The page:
I just came across an article by Ottawa Citizen columnist Kelly Egan on the safety of active transportation. He begins by recounting a tragic accident which occurred last week on West Hunt Club Road:
The city has these bicycle lanes on West Hunt Club, where the speed limit is 80 km/h, which means everybody drives 90 to 100, big rigs to bad actors.
I wouldn’t bike along there if you paid me. Too damn dangerous.
If someone as experienced as Mario Théoret, 38, an avid cycling commuter, a competitive mountain biker, can get killed on the way to work — West Hunt Club and Merivale — in broad daylight, what does that say to the rest of us? Rest his soul, poor man.
But, to the point, the city loves to tell us how to get anywhere and, with enthusiasm, encourages us to get out of our cars. Great. Pray we don’t die in the commission of our civic duty.
Although this argument has little to do with the rest of the article (which argues that we need to get more kids walking to school – I agree with this wholeheartedly) his initial argument struck me as being very odd. It’s also one I hear all the time. Cyclists sometimes die, ergo I will not be a cyclist. I find this odd since no one ever applies the same argument to other forms of transportation.
The thing that people forget is that people commuting by car are also at risk of being injured in an accident. In fact, car-only accidents on West Hunt Club are relatively frequent. It’s a major road with 4 lanes of traffic. West Hunt Club also contains the most dangerous intersection in Ottawa. It’s arguably a pretty dangerous road to be on regardless of your form of transportation. And because cars are so dangerous to just about everything (other cars, pedestrians, cyclists, and sometimes buildings), they injure a lot of people. So though you increase your personal safety by driving in a car rather than on a bike, you increase the risk to everyone around you. And while I don’t have any stats to back this up, I’m willing to bet that far more people die from car accidents on highways (such as Highway 401) than die in bike accidents on even the most dangerous roads like West Hunt Club. I know that I’m comparing apples to oranges here, but my point is that people will often talk about “taking your life in your hands” when they find out you bike on city streets, but they are far less likely to say the same thing about driving on a major freeway.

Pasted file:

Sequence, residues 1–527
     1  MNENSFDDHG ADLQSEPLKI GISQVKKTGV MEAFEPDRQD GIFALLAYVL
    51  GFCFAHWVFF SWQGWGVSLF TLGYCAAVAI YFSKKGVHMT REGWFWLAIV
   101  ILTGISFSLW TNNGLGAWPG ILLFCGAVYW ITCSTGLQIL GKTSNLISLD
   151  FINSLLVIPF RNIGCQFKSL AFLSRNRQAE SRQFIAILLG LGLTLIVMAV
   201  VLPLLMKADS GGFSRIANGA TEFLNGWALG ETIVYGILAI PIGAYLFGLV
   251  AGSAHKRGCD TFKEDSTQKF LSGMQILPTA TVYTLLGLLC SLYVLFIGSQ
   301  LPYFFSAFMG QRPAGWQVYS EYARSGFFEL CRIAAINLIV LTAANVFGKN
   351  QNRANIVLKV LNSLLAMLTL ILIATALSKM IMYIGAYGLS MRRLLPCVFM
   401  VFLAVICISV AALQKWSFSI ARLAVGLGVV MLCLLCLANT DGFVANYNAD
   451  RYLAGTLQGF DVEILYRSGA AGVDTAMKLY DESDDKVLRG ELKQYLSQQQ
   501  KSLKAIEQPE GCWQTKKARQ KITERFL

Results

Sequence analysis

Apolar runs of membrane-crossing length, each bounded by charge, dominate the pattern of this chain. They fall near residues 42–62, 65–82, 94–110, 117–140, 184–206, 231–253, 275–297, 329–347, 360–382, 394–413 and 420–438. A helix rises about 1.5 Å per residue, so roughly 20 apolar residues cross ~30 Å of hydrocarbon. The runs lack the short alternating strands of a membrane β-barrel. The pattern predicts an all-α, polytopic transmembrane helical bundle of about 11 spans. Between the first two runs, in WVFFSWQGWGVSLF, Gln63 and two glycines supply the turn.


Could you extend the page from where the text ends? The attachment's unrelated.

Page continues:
Sitting in a car for prolonged periods also increases your risk of more long-term health consequences like excess weight gain (details here). So it’s a trade-off – you are slightly safer in the short-term but you may be less safe in the long-term. Of relevance to this discussion, a couple years ago I wrote a post on a study which estimated whether the health benefits of cycling outweigh the risks (the study itself is available here). And on average, it seems that the benefits from cycling far outweigh the risks.
From that post:
The authors [of this study] report that for most adults, the risk of death when cycling is about 4.3x higher than if the same trip were being made by car (YIKES!). However, we’ve got to remember that commuters not only pose a risk to themselves – they also post a risk to other road users. And if you’re going to be hit by a vehicle, a Cervelo is going to do you a lot less harm than a Corolla! So with an increase in the number of trips made by bike, the increased mortality among cyclists due to traffic accidents is offset by the reduced mortality among the general population who would be less likely to be run over crossing the street (interestingly, if it were high risk young drivers who were to switch from driving to cycling, it would actually save lives!).
Now while the risk of being in an accident is higher for cyclists, it must be remembered that they are also likely to be getting increased levels of health promoting physical activity, and substantially reducing their volume of sedentary time. In fact, the risk of death due to physical inactivity among active commuters is estimated to be 10-50% lower than in non-active commuters – a pretty substantial health benefit!
So will cycling to work make your life longer or shorter? On average, the risk due to car accidents will reduce your life expectancy by just 5-9 days. Being exposed to air pollution during your commute could cost you another 8-40 days. But the physical activity in your commute would actually increase your life expectancy by up to 14 months! Overall, the health benefits of active commuting by bike are 9 times greater than the risks!
Now I know that that is not going to convince most people to get on their bike and head for West Hunt Club this weekend. But in that case I’d urge them to also avoid driving their cars down Hunt Club, which is the one thing that would unequivocally make the roads safer for those who do choose to cycle there.